Meanwhile, by increasing the number of partiallylabeled datasets (from using only A, B or C to the union of three), the performance improvements of different methods are also different. For example, with the ResNet101 as the backbone, the largest improvement obtained under semisupervision is (from to ), and that of partial supervision is (from to ). By contrast, PaNN obtains a much more remarkable improvement of (from to ). Such an observation suggests that PaNN is capable of handling more partiallylabeled training data and is less susceptible to the background ambiguity.
Organbyorgan Analysis. To reveal the detailed effect of PaNN, we present an organbyorgan analysis in Fig. 3. We use ResNet50 as the backbone model (ResNet101 has a similar trend) and the partiallylabeled dataset C (indicates that liver is the target organ).
In Fig. 3, we observe clear statistical improvements over the fullysupervised method for almost every organ (pvalues hold true for 11/13 of all abdominal organs). Great improvements are also observed for those difficult organs, , organs either in small sizes or with complex geometric characteristics such as gallbladder (from to ), esophagus (from to ), stomach (from to ), IVC (from to ), portal vein & splenic vein (from to ), pancreas (from to ), right adrenal gland (from to ) and left adrenal gland (from to ). This promising result indicates that our method distills a reasonable amount of knowledge from additional partiallylabeled data and the regularization loss can help facilitate the network to enhance the discriminative information to a certain degree.
Meanwhile, we also observe a distinct performance improvement for organs other than the partiallylabeled structures (, the liver). For instance, the performance of gallbladder, stomach, IVC, pancreas are boosted from , , , to , , , , respectively. This suggests that the superiority of PaNN not only originates from more training data, but also from the fact that PaNN can effectively incorporate anatomical priors on organ sizes in abdominal regions, which is helpful for multiorgan segmentation.
Qualitative Evaluation. We also show a set of qualitative examples, , slices from cases, in Fig. 4, where we zoom in to visualize the finer details of the improved region.
In these samples, we observe that PaNN is the only method that successfully detects the pancreatic tail in Fig. 4(a). In Fig. 4(b), all other methods fail to detect the portal vein and splenic vein while PaNN demonstrates an almost perfect detection of these veins. For Fig. 4(c) to Fig. 4(e), apart from the evident improvements of the pancreas, left adrenal gland, one of the smallest abdominal organs, is also clearly segmented by PaNN.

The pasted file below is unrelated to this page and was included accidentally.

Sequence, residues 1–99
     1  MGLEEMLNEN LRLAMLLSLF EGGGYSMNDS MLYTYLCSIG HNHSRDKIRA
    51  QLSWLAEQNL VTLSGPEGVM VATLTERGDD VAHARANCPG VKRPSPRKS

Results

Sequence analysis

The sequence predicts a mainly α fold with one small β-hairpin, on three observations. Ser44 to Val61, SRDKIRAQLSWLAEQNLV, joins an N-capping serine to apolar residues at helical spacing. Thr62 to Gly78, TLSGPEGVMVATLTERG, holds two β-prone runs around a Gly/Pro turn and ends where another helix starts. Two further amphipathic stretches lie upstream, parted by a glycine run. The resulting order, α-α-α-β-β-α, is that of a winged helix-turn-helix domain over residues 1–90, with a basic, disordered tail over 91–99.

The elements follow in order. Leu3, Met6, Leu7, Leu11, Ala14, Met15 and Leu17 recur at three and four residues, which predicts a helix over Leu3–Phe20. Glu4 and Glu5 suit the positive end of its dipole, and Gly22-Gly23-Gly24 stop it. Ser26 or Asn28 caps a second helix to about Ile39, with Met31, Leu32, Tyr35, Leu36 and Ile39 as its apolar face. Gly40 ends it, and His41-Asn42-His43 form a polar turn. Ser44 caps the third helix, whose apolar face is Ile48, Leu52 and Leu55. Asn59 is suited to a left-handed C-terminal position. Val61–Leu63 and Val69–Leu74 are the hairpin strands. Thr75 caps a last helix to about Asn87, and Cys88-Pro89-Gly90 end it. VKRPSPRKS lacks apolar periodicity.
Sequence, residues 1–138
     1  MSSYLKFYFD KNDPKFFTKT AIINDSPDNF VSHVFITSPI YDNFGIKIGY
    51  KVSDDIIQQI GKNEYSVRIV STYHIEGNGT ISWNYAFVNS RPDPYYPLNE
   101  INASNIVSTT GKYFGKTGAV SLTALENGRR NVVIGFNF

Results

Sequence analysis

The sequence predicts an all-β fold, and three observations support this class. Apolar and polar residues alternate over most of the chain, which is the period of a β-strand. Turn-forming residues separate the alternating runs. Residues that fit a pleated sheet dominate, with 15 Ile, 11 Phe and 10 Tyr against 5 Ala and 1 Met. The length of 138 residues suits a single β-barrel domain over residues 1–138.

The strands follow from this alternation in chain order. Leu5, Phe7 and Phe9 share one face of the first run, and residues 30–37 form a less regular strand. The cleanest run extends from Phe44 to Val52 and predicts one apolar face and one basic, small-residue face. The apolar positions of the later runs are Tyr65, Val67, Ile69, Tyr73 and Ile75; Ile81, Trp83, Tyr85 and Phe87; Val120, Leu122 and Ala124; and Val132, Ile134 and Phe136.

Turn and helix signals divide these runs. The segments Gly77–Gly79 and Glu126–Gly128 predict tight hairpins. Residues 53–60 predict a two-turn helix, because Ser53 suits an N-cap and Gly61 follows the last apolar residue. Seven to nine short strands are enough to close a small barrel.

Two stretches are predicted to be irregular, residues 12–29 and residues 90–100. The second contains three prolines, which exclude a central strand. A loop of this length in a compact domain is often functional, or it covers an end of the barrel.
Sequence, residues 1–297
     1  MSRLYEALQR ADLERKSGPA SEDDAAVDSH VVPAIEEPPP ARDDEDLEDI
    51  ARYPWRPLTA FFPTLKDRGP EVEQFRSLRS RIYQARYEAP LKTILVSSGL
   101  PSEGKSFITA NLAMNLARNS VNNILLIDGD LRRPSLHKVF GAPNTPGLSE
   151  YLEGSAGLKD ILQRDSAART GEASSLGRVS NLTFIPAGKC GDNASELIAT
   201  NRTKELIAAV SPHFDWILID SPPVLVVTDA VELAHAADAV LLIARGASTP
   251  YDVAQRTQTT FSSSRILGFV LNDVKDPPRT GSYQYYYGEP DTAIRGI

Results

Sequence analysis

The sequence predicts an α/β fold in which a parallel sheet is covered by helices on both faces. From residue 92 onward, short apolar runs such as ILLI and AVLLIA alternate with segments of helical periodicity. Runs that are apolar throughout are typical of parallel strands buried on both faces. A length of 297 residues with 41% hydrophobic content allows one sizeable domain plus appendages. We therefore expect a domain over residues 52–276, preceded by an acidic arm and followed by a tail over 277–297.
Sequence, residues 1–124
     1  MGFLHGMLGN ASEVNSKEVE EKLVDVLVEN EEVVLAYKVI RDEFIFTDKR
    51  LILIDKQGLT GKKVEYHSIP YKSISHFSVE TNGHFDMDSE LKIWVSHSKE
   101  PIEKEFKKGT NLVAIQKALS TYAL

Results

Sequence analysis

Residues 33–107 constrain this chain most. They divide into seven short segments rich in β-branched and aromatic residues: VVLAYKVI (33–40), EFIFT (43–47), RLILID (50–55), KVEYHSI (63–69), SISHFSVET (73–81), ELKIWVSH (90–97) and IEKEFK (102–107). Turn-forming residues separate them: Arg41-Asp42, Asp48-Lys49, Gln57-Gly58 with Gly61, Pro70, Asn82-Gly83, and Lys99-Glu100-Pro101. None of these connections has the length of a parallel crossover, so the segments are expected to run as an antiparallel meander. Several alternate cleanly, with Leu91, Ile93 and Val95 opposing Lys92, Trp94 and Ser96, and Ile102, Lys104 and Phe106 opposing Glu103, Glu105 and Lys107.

4.3 MICCAI 2015 MultiAtlas Labeling Challenge
In order to further demonstrate the effectiveness of PaNN, we test our model in the 2015 MICCAI MultiAtlas Abdomen Labeling challenge. The top model (denoted as “PaNN” in Table 4) we submit is based on ResNet101, and trained on all 30 cases of the fullylabeled dataset and the union of three partiallylabeled datasets A, B and C. The evaluation metric employed in this challenge includes the Dice scores, average surface distances [32] and Hausdorff distances [22]. We compared PaNN with the other top submissions of the challenge leaderboard in Table 4. As it shows, the proposed PaNN achieves the best performance under all the three evaluation metrics, easily surpassing prior best result by a large margin. Without using any additional data and even randomly removing partial labels from the challenge data, our method (denoted as “PaNN*” in Table 4) stills obtains the stateoftheart result of , outperforming the previous best result of DLTK UNet [28] by in average Dice. It is noteworthy that our method is far from its potential maximum performance as we only use 2D single view algorithms. It is suggested [45, 38, 44] that using multiview algorithms or model ensemble can boost the performance further.
4.4 Generalization to Other Datasets
In order to further demonstrate the effectiveness of the PaNN, we also apply our algorithm to a different set of abdominal clinical CT images, where 20 cases are used for training and 15 cases are used for testing. A total of 9 structures (spleen, right kidney, left kidney, gallbladder, liver, stomach, aorta, IVC, pancreas) are manually labeled. Each case was segmented by four experienced radiologists, and confirmed by an independent senior expert. Each CT volume consists of slices of pixels, and has voxel spatial resolution of . We use the union of all 3 datasets A, B, C as the partial supervision. The results are summarized in Table 3, where the proposed PaNN also achieves the best results compared with existing methods.
Organ  Fully  Semi  Partially  PaNN 
Supervised  Supervised  Supervised (ours)  (ours)  
Gallbladder  0.8225  0.8399  0.8465  0.8467 
Aorta  0.9110  0.9096  0.9121  0.9133 
IVC  0.8083  0.8175  0.7995  0.8266 
Pancreas  0.7831  0.7994  0.8079  0.8193 
avg. Dice  0.9008  0.9060  0.9063  0.9103 
5 Conclusion
In this work, we have presented PaNN, for multiorgan segmentation, as a way to better utilize existing partiallylabeled datasets. In several applications such as radiation therapy or computeraided surgery, physicians and surgeons have been doing segmentation of target structures. Meanwhile, to handle the background ambiguity brought by the partiallylabeled data, the proposed PaNN exploits the anatomical priors by regularizing the organ size distributions of the network output should approximate their prior statistics in the abdominal region. Our proposed PaNN shows promising results using current stateoftheart 2D/3D models. As an additional benefit, PaNN also demonstrates huge potential for applications such as computational anatomy by combining these data and building consistent dataset with multiorgan segmentation.